Another example will shed more light on what I explained above. What if in the above example the ratio of the radii is between 11.94 and 15.58? Again, it is theoretically proven that we can have Hohman and Bielliptic maneuvers that have the same total delta-v value, i.e., delta-v_Hoh = delta-v_BE. In other words, there is a separatrix between Hohmann and Bielliptic maneuvers when the ratio is between 11.94 and 15.58. The key point is that time plays a significant role in the (required) number of optimal impulses. If we relax/ignore time, again, there is an infinity of two- and three-impulse solutions (corresponding to the separatrix curve) that are optimal with respect to delta-v. If we fix the ratio of the radii (between 11.94 and 15.58), as I explained, we can have unique two-impulse (Hohmann) and three-impulse (Bielliptic) maneuvers that have exactly the same delta-v. So, the number of impulses is not unique. The difference between the two solutions is the time of flight. Check chapter six of either third or fourth editions of the Book by Howard D. Curtis (Fig 6.8 in the Third/Fourth editions) for a plot that summarizes the results and also depicts the separatrix (corresponding to the equal-delta-v curve).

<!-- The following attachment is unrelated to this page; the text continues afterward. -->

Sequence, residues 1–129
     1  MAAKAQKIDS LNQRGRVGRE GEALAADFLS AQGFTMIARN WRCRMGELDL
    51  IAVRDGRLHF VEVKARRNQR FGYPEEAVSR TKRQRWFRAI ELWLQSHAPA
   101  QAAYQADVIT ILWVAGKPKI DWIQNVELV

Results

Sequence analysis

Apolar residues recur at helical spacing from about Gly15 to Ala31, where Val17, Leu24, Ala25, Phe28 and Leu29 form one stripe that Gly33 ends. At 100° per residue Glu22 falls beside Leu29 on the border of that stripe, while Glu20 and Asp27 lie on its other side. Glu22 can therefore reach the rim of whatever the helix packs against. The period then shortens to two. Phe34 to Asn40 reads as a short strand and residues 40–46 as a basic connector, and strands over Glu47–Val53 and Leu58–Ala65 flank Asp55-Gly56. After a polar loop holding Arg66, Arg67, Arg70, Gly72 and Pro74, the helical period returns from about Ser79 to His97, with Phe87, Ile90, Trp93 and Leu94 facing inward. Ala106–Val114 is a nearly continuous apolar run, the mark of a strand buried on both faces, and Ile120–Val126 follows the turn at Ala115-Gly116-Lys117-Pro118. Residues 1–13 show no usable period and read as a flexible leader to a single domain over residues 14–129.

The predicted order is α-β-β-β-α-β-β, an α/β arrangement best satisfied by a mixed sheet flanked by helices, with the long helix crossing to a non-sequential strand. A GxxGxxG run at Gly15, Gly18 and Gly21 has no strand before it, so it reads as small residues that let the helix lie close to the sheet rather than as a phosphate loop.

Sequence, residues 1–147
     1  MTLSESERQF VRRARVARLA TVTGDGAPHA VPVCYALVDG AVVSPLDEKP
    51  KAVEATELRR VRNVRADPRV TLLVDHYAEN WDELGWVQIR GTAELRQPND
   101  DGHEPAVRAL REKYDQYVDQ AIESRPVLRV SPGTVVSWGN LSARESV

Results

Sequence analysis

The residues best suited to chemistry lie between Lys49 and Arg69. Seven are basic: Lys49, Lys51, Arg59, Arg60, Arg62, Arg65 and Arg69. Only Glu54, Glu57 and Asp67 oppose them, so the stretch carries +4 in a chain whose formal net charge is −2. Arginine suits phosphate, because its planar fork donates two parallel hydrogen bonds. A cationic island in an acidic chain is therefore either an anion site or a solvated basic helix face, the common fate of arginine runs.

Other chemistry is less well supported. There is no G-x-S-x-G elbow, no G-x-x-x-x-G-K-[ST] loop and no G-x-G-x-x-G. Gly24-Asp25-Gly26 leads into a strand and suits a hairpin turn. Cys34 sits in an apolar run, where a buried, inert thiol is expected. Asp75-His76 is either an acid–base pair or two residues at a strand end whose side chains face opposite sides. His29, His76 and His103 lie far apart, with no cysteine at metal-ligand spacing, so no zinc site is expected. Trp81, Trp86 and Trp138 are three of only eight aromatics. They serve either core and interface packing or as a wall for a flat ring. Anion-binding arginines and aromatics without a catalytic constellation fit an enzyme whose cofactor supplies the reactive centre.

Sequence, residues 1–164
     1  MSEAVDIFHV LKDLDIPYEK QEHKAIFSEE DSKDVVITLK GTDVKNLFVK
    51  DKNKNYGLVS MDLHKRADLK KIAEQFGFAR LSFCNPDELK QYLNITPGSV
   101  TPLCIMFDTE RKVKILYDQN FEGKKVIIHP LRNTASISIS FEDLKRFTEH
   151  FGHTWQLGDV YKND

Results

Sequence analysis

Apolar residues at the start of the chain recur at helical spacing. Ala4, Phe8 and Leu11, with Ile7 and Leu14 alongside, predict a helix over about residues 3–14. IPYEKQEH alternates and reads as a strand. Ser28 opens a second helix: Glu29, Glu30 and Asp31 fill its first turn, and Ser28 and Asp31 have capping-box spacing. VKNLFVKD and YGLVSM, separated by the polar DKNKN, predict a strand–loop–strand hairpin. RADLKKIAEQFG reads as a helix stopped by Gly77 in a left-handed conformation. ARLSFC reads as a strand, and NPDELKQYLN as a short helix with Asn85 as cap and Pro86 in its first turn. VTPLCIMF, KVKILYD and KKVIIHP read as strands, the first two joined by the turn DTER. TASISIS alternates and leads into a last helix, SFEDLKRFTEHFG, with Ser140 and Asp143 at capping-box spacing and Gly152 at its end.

As is evident, time and other components (e.g., ratio of the radii) can result in different classes of solutions. Characteristics of the solutions differ according to these values. Note also that in dynamical systems (while often ignored), feasibility is a more fundamental criterion than pure optimality. In the circular-to-circular example with a ratio of radii less than 11.94, if the imposed time of flight is less than T_Hoh, we cannot expect any optimality since time being less than T_Hoh restricts the set of feasible solutions to the class of two-impulse Lambert solutions. We can find the best (with respect to delta-v) two-impulse solution, but that solution is sub-optimal compared to the delta-v of the Hohmann maneuver. That is why we have to relax the time of flight to enlarge the class of feasible solutions, which is the idea in studying transfer maneuvers.